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California D.A.s Call For Ban on Police Union Money and Endorsements in Prosecutorial Elections

San Francisco District Attorney Chesa Boudin and others say the money creates ethical conflicts when police are prosecuted for misconduct.

Law enforcement officers stand on the steps of Los Angeles City Hall as protesters gathered downtown on Tuesday.
Photo by Kent Nishimura/Los Angeles Times via Getty Images.

California D.A.s Call For Ban on Police Union Money and Endorsements in Prosecutorial Elections

San Francisco District Attorney Chesa Boudin and others say the money creates ethical conflicts when police are prosecuted for misconduct.


A coalition of four current and former district attorneys called on the State Bar of California on Monday to ban law enforcement unions from funding district attorney campaigns, saying the contributions represent a conflict of interest that must be urgently addressed in the wake of recent police killings of Black men and women. 

In a letter to the state bar association, the reform-minded district attorneys said their colleagues cannot ethically prosecute police officers if they are receiving funds and endorsements from unions that finance those officers’ legal expenses. 

“District Attorneys will undoubtedly review use of force incidents involving police officers,” San Francisco District Attorney Chesa Boudin said in a statement. “When they do, the financial and political support of these unions should not be allowed to influence that decision making.”

The role of law enforcement unions as deep-pocketed bulwarks against reform has come under increasing scrutiny in the last week after Bob Kroll, head of the Minneapolis police union, said the four officers involved in George Floyd’s killing last week were “terminated without due process” and people are ignoring Floyd’s “violent criminal history.” 

Police unions elsewhere in the country have also faced criticism. New York City’s second-largest police union’s Twitter account was temporarily disabled this week after it disclosed an arrest report—including personal information—of Mayor Bill de Blasio’s daughter.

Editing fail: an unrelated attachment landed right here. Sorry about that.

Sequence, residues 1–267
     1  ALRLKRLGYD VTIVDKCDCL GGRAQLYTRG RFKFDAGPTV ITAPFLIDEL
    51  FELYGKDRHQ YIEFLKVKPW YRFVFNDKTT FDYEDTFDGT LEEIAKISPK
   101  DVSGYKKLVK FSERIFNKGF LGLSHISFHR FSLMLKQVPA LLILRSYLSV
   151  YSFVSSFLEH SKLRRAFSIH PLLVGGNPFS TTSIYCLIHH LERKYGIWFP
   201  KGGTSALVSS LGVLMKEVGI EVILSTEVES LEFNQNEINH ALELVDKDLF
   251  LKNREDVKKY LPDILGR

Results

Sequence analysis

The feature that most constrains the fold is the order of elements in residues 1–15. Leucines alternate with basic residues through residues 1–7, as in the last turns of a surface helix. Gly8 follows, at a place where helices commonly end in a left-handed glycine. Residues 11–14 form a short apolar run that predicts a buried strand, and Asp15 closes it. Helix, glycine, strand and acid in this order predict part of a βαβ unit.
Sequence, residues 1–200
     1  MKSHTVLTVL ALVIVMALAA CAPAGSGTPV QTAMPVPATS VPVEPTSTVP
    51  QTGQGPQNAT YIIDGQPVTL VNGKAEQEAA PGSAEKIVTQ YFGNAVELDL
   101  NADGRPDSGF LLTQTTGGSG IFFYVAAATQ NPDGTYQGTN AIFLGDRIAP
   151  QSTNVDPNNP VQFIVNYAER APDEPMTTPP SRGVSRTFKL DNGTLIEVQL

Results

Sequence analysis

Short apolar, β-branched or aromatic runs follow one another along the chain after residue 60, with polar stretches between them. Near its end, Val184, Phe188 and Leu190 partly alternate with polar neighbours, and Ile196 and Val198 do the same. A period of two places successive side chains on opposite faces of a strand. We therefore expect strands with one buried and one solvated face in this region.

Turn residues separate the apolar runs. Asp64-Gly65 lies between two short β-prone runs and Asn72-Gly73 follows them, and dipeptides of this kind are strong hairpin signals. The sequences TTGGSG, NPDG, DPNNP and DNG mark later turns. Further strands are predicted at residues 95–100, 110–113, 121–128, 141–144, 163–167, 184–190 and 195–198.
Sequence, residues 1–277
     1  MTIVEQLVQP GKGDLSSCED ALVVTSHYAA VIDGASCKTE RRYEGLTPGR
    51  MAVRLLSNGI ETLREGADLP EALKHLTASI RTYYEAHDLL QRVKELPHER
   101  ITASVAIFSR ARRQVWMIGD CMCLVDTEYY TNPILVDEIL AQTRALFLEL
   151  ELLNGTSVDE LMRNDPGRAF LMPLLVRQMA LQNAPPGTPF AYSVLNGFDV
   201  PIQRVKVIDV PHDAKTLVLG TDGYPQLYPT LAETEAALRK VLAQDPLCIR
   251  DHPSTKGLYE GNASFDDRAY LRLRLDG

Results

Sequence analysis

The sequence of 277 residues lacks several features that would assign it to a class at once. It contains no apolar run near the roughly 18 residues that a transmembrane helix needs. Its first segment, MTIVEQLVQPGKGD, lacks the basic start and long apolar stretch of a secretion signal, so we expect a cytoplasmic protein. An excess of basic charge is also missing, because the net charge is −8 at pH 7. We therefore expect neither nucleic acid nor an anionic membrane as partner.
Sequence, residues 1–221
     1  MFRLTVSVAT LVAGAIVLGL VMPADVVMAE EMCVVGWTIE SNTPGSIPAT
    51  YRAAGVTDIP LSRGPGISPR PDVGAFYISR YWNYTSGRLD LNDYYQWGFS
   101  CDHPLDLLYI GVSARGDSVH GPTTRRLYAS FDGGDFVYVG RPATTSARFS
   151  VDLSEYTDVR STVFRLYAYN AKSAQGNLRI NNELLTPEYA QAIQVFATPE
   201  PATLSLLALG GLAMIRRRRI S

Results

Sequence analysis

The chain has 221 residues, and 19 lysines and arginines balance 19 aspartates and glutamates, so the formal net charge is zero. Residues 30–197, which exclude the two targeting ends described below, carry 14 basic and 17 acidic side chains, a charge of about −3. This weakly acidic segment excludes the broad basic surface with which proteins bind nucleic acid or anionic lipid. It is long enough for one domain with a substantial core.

Boudin joined three other current and former Northern California DAs—Diana Becton of Contra Costa County, Tori Verber Salazar of San Joaquin County, and the former San Francisco DA George Gascón—in calling for the bar to change to its ethics rules. 

Donna Hershkowitz, the interim executive director of the state bar, which licenses and regulates over 250,000 lawyers, said in a statement Monday that the bar had received the letter and is “reviewing the request carefully.”

But a ban on direct campaign contributions will have relatively little effect on the influence of police unions, said Robert Stern, a former attorney who has worked extensively on California campaign finance reform. He noted that the majority of their money is funneled through political action committees, or PACs, that are not subject to contribution limits.

The Los Angeles police union (LAPPL), through two PACs, spent $1 million toward defeating Gascón, who is opposing incumbent Jackie Lacey in a November runoff election for district attorney. Law enforcement groups also spent over $650,000 to oppose Boudin’s contentious run for San Francisco’s top prosecutor role. 

On Monday, the LAPPL focused its anger on Boudin and Gascón, accusing them in a statement of “exploiting the tragic and horrific death of George Floyd.” The union said there is no similar proposal to eliminate contributions from other special interest groups, including defense and civil attorneys. 

“It’s nothing more than opportunism, they very well know that the overwhelming majority that is spent in these type of races is from independent expenditures,” Tom Saggau, an LAPPL spokesperson, told The Appeal.

Stern said the bar is unlikely to regulate union spending or political support and a move to do so could run afoul of the First Amendment if taken to court.  

“It’s more of moral suasion than it would be law, I just don’t see how the unions would be stopped from doing it,” said Stern, who served as the first general counsel of California’s Fair Political Practices Commission.

Salazar suggested the rule would help prosecutors restore trust with the public. “The first step to earning that trust back is ensuring the independence of county prosecutors is beyond reproach,” she said Monday in a statement.